As someone aware of the connection between length of daylight hours and mood, I appreciate the long days of summer here in the northern hemisphere, when my wife and I can take walks together, visit the lovely garden venues for which our city is renowned, and enjoy the warmer temperatures for which Canada is definitely not renowned for most of the year. Many of you are taking your holidays this month and next, and I wish you all wonderful times for renewing your energies and taking advantage of a well-deserved rest.

My own work has slowed somewhat during this first month of summer, but I am still keeping occupied with various activities. The past few weeks I have been studying and writing about the United States Supreme Court's momentous decision in Dobbs v Jackson Women's Health Organization reversing Roe v Wade (1973). A draft decision had, of course, been leaked a few weeks earlier, so it was not unexpected. Nevertheless, many of us were surprised that, after nearly half a century, the Court ruled as it did in so definitive a manner. Here is my six-part series on the Dobbs ruling:

If you begin reading the first instalment, you can simply move to the next one by clicking on the link at the bottom, without needing to return to this page.

I have also been following rather closely the congressional hearings on the 6 January 2021 uprising in Washington, DC, and hope to write about these in the near future. Stay tuned to my blog where I regularly post my reflections.

Earlier this month I was interviewed by Natanael Pedro Castoldi for Revista Fé Cristão. The interview can be found here in both Portuguese and English: Revista Fé Cristão interview

In the meantime, the newly-published Spanish-language edition of Political Visions and Illusions is beginning to have an impact in Latin America. I was privileged to talk at some length with Jaime Cabellero, director of Teología para Vivir (Theology for Living), which published my book two months ago. Cabellero is a Peruvian studying at Queen's University, Belfast. At the beginning of last month, as earlier reported, I had an online conversation with Fe Pública Chile which I found thoroughly enjoyable. 

As far as I can tell, there seems to be a growing interest in Reformed Christianity in Chile, as well as other parts of Latin America. The photograph at the right is of Stephan Schubert, a member of the Chamber of Deputies, the lower house of the Chilean National Congress in Santiago, holding my book in his hands.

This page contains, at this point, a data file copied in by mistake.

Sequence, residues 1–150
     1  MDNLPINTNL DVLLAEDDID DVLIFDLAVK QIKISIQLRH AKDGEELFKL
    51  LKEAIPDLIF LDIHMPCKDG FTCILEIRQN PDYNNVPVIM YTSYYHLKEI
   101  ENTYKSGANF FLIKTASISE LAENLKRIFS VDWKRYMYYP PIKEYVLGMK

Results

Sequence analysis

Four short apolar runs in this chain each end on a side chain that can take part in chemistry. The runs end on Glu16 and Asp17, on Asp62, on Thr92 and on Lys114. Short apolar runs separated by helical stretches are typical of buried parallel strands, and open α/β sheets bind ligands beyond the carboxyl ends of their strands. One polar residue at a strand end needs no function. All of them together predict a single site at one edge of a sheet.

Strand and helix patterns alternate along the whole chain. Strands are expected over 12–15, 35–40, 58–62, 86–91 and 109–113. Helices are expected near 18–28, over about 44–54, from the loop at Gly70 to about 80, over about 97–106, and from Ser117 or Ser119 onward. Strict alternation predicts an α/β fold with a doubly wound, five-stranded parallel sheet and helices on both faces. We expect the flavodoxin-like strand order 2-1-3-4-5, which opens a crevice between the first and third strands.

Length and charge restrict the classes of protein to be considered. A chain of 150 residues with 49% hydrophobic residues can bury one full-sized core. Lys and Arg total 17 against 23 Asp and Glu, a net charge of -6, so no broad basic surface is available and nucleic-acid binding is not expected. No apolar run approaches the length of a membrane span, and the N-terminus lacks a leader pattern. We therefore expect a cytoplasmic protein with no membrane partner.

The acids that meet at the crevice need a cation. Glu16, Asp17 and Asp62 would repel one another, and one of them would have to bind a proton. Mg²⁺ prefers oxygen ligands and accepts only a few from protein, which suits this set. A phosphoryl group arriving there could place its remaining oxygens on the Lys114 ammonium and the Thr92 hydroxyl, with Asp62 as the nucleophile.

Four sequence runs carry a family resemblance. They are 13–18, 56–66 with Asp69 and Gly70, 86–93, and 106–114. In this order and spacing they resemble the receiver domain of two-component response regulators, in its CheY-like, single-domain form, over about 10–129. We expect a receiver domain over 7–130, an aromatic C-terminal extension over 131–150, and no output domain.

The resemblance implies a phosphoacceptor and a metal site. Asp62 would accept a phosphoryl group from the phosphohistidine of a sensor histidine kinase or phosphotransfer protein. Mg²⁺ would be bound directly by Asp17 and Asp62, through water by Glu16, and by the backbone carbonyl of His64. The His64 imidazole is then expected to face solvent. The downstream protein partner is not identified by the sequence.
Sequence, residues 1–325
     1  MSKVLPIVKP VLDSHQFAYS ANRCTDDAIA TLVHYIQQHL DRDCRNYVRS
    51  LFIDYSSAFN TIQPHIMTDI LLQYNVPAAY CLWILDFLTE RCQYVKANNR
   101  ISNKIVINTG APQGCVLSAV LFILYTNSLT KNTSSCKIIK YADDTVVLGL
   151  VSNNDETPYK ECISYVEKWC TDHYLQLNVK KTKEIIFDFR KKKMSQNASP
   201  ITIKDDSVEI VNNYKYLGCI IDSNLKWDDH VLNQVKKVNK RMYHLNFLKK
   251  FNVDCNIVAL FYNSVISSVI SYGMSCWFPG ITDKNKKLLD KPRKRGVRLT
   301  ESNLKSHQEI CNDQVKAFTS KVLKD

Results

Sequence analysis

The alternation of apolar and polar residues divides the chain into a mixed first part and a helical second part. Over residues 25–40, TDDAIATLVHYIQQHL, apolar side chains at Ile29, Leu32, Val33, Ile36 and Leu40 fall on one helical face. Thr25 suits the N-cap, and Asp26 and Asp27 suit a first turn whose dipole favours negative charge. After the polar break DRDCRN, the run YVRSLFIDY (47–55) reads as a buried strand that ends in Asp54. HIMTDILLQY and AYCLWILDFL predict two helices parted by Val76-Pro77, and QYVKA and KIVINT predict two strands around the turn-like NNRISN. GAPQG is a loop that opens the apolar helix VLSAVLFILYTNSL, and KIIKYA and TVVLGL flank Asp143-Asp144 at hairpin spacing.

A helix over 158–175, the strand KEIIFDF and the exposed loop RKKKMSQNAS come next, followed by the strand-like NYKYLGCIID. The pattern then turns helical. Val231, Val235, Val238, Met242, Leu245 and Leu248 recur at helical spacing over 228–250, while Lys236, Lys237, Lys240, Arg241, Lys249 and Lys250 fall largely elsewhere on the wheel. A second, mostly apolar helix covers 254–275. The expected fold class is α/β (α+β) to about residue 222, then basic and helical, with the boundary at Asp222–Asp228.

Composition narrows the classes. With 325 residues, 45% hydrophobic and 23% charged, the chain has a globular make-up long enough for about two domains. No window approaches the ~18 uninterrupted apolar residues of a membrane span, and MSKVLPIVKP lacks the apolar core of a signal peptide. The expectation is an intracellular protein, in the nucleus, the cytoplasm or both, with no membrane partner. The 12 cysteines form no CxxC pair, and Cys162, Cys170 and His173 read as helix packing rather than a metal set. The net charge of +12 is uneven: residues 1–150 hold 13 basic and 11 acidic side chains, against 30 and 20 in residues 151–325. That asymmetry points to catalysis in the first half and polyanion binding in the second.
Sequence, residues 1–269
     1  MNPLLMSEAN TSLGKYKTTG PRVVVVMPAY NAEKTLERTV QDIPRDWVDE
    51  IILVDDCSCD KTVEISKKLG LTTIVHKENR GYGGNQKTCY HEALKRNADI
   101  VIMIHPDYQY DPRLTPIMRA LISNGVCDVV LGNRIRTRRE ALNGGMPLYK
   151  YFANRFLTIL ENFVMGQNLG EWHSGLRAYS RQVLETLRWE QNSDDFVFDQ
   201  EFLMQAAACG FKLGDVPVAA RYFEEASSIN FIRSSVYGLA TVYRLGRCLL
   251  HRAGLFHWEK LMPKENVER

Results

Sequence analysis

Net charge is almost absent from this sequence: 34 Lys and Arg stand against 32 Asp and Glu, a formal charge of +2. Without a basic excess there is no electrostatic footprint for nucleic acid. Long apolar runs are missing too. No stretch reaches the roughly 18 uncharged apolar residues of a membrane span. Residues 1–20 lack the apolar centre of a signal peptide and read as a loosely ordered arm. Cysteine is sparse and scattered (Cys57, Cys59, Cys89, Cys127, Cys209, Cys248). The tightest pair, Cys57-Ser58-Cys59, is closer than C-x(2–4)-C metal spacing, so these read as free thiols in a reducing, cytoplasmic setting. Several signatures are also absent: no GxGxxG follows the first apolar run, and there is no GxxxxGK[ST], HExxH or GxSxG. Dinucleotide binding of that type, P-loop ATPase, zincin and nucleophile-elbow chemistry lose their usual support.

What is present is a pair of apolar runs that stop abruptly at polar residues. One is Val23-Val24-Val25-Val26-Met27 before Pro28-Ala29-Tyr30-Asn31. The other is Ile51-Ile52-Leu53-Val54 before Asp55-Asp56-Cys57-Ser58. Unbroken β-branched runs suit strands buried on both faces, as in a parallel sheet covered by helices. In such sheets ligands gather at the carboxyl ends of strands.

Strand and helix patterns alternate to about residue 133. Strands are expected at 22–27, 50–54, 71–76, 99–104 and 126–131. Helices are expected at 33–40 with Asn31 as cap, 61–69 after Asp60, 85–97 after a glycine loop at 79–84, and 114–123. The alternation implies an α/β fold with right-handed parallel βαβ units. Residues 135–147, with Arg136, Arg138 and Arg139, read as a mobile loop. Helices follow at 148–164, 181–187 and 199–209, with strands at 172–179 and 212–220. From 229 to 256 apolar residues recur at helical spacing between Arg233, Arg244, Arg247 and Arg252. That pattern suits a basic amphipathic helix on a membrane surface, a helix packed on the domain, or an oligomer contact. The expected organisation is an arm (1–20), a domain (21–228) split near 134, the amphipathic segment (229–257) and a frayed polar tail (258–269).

Now that this edition has been published, I am currently brushing up on my knowledge of Spanish, which I first began studying as an undergraduate. There is a huge overlap between Spanish and Portuguese, I am finding, although pronunciation differs considerably between the two languages--enough to cause at least some confusion to someone learning both simultaneously!

Speaking of Spanish, I am delighted to see the publication of a second edition of a Spanish translation of the complete Genevan Psalter, set to verse by Jorge Ruiz Ortiz of Barcelona, Spain. I hope this will be widely used liturgically within the Spanish-speaking world.

I do not often write film reviews, but my wife and I recently saw a film that I thought merited such treatment: Mr. Jones (2019), Agnieszka Holland's cinematic account of Welsh journalist Gareth Jones, who uncovered the truth about the Holodomor in Ukraine during the early 1930s. Here is my review of the film: Gareth Jones and the crimes of Stalin.

Incidentally, I have been asked about the origin of the pen and ink drawing beneath my signature below. This is the work of Brazilian artist Armando Marcos, who based his caricature on a portrait by local Hamilton photographer Hank Rintjema. In April, Marcos surprised me with this gift of my portrait, for which of course I am grateful.

I am, as always, thankful for your financial and prayer support for my continuing work. I would ask you again to consider a regular monthly contribution, as it makes it easier for Global Scholars to set an annual budget, including the modest salary I receive from the organization. Not everyone, of course, is in a position to contribute in this way, but if you are, please consider this option seriously. Furthermore, if you know someone with an interest in and means to support my work, I would be most grateful if you could give me their name and contact information. GSC's page for giving can be found here. Once you are in the page, scroll down to the heading marked DONATION DETAILS, and then choose one of the options under FUND. Americans may donate through our sister organization in the US. Thank you so much!

Yours in God's service,

David Koyzis, Global Scholar

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